Book Note: How To Teach Your Children Shakespeare by Ken Ludwig

I gushed on Instagram (at least as close as I can say I’ve ever gotten to “gushing” about something) about How To Teach Your Children Shakespeare by Ken Ludwig. Thought it might be worthwhile to continue the gushing over here. This book doesn’t fall into any of my 2018 goal categories, but it’s typical for my reading to shoot all over the place.

Recently my husband and I decided to give homeschooling a try for our two girls. This decision has been in and out of our minds for a couple years now, since our eldest started school, and we’ve finally decided to take the plunge. With that decision comes added responsibility to create a learning environment and structure that will allow us to inform and challenge our students/daughters. One area that I wanted to begin cultivating is their understanding of Shakespeare. I don’t remember how this book came to my attention, but it is the perfect read on the topic. 

Taken straight from my Instagram gushing:

His [Ludwig’s] practical approaches for memorization are accessible, his explanations of passages and plays are age-appropriate, and his qualifications as scholar and playwright blend seamlessly with his hands-on experience as a parent. Nevertheless it is his infectious enthusiasm for Shakespeare and his firm belief that memorizing the language of the Bard empowers children to wrestle with the emotions and changes and situations in life both now and onward that create a book that s resource, inspirations, and good reading. This is our library’s copy, but I will be purchasing my own very soon. Highly recommend if you are parenting or teaching children…or if you are just interested in Shakespeare. I fall into both categories and learned so much myself that I am confident the latter application is completely reasonable for those wishing to go beyond a first reading.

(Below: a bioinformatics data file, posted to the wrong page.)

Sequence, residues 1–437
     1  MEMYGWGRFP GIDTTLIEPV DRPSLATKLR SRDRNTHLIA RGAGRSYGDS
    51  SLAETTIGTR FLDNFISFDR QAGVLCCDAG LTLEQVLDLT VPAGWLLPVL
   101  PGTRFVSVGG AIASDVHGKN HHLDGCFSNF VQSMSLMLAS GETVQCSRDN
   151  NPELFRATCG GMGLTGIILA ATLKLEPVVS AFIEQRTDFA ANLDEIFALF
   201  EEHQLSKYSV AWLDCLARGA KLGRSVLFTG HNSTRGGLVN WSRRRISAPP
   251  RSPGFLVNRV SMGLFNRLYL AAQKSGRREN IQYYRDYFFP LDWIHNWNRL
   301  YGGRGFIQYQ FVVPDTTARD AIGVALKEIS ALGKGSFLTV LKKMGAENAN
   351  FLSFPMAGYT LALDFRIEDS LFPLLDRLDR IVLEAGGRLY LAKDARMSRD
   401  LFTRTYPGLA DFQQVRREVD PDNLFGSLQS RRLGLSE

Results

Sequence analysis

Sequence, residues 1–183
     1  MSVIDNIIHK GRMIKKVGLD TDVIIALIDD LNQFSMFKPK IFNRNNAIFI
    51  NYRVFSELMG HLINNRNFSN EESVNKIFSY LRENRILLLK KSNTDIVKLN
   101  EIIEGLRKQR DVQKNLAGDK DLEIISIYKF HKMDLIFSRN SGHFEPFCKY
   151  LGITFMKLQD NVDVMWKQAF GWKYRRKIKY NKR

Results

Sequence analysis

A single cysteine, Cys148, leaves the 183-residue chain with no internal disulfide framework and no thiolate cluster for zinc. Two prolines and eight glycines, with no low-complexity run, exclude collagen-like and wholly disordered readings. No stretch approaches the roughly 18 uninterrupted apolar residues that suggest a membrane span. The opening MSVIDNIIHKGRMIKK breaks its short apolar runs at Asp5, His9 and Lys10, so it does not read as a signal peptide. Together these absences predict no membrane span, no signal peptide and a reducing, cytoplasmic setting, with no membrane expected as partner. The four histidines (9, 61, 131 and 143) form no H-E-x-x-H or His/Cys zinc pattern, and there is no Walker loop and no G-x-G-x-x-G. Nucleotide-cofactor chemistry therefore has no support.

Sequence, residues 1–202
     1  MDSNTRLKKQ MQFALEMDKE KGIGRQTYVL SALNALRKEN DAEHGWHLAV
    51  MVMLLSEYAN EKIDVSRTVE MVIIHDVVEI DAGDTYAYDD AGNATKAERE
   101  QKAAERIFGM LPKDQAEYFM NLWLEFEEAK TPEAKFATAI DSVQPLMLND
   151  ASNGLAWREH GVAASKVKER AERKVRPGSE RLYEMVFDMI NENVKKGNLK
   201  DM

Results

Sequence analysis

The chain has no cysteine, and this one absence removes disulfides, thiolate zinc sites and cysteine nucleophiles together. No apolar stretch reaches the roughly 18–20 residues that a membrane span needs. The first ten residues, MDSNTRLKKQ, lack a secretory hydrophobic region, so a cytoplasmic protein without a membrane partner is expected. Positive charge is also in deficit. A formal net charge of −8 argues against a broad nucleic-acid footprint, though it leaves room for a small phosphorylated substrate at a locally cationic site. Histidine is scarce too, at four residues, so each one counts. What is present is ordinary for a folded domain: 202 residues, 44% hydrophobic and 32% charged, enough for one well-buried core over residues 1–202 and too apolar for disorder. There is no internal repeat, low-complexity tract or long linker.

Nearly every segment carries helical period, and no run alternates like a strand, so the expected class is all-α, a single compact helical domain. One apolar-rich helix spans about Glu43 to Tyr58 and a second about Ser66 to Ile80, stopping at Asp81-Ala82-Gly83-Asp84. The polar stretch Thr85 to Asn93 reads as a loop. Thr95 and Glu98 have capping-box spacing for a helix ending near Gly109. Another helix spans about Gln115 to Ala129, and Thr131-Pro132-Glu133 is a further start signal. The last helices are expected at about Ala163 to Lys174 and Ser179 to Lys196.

Done. Great book. Highly recommend.

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4 thoughts on “Book Note: How To Teach Your Children Shakespeare by Ken Ludwig

    1. Honestly, about halfway through I realized I was learning more about Shakespeare than anything else. Since it’s geared towards equipping people to teach their kids, it’s right at Shakespeare-understanding level 😄😏

  1. I’m really glad you posted about this book – I’ve seen it around but didn’t think much of it as we have plenty of Shakespeare books. However, I would love to read a book about getting kids to love and memorize his work. I was partly home educated and have a love of the bard, but the kids are not at all interested. We even have multiple copies of the most popular plays for group read-alouds!

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